A representative from the Texas Department of Insurance (TDI) spoke to those at the American Architectural Manufacturers Association (AAMA) Fall Conference about the state’s voluntary windstorm program and what manufacturers need to know when operating in 14 Texas counties that lie in a designated catastrophe area along the Gulf Coast.

Dr. Paul Bove’s presentation was sponsored by AAMA’s Southeast Region, and a webinar version of his presentation will be given November 12.

Bove provided an overview of the program as well as relevant building code requirements; requirements for fenestration products; those products’ submittal requirements; the product evaluation process; and common issues associated with submittals and evaluation.

“The windstorm program here is unique,” Bove said. “It’s voluntary, but it exists because there was a necessity to have insurance coverage for those who wanted to buy a home or operate a commercial space here in Texas.”

The Texas Windstorm Insurance Association (TWIA) was set up to act as a last resort, said Bove, meaning, if one is unable to obtain insurance coverage through a voluntary carrier, they can go to TWIA.

“It provides windstorm and hail insurance for structures in the 14 counties that border the Texas Gulf Coast, which are considered [in] that designated catastrophe area,” said Bove.

The TWIA currently refers to the 2006 International Residential Code (IRC) and the 2006 International Building Code (IBC). Adoptions for the 2018 IRC and IBC have been proposed. If adopted, the designated catastrophe areas will remain the same and wind speeds will be determined per ASCE 7-16. Windborne debris protection will be required for all three zones in the catastrophe area, which are defined as Inland II, Inland I and Seward. The TDI defines wind speeds for each zone based on the wind speed map.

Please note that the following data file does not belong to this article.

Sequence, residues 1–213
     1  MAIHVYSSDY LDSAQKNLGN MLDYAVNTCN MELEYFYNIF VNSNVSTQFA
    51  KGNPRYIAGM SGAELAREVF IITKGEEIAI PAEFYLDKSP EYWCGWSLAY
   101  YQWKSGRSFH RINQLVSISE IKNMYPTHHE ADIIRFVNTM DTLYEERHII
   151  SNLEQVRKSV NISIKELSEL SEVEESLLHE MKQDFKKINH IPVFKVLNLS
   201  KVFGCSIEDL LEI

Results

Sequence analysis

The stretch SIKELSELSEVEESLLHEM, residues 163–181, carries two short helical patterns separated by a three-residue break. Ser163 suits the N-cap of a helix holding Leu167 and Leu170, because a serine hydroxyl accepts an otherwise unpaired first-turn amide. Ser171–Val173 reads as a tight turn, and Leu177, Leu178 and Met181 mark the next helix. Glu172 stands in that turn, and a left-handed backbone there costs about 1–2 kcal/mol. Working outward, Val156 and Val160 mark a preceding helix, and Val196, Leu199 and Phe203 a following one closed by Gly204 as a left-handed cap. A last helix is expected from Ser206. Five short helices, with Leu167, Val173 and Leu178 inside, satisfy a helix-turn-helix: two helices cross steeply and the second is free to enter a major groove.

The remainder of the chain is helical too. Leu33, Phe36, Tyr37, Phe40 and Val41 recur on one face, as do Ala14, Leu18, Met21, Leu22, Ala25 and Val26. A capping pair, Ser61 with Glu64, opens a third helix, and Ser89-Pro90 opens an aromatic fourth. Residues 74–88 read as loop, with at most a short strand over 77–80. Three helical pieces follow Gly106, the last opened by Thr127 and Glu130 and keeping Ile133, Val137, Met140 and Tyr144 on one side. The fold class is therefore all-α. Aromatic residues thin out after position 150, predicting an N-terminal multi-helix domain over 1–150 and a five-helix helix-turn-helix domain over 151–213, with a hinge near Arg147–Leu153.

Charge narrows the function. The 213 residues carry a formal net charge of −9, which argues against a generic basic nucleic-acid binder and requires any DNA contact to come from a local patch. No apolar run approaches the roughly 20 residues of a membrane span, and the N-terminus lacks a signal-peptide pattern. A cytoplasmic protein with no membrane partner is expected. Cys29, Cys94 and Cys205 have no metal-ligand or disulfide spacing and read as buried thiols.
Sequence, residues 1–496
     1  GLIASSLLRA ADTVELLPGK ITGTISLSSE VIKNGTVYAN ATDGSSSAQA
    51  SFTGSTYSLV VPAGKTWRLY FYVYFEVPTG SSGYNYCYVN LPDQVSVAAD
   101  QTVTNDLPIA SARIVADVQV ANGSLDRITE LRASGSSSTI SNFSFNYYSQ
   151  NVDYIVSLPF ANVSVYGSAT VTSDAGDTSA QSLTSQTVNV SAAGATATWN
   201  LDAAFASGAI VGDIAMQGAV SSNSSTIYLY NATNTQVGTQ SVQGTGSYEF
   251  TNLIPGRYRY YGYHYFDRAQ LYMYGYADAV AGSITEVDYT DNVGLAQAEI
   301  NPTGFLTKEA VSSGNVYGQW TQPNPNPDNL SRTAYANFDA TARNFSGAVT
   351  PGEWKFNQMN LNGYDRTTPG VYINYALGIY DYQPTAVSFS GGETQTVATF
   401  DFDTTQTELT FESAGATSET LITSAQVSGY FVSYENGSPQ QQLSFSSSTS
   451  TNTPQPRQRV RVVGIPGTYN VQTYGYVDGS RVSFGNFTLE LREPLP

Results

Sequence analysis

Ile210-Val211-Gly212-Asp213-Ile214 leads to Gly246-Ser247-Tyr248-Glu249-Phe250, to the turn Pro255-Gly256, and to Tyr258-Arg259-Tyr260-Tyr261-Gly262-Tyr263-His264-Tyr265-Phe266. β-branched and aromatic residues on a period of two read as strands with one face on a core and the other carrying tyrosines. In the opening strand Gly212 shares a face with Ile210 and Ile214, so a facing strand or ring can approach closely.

“When it comes to requirements for fenestration products, the most important thing for the inspector is to be able to identify the product,” said Bove.

Making a submittal includes many steps. A separate submittal is needed for each product line to be tested. While information must be mailed to TDI, no forms or fees are required.

Submittals require a hard copy of a cover letter on company letterhead with a stated intention of submittal. This can be for a new submittal or a revision to an existing approval. Along with this, a CD or flash drive must include PDFs of test reports, product certifications, labels, design drawings and engineering analysis.

From a field inspector standpoint, a common issue includes situations in which the certification label applied to a product fails to match the one listed in the TDI evaluation report. Bove recommended being especially vigilant of labels when submitting information to the TDI.

A webinar version of Bove’s presentation will be held at 11:30 a.m. on November 12. This session is open to all in the industry. Keep an eye on [DWM]’s website for additional coverage.


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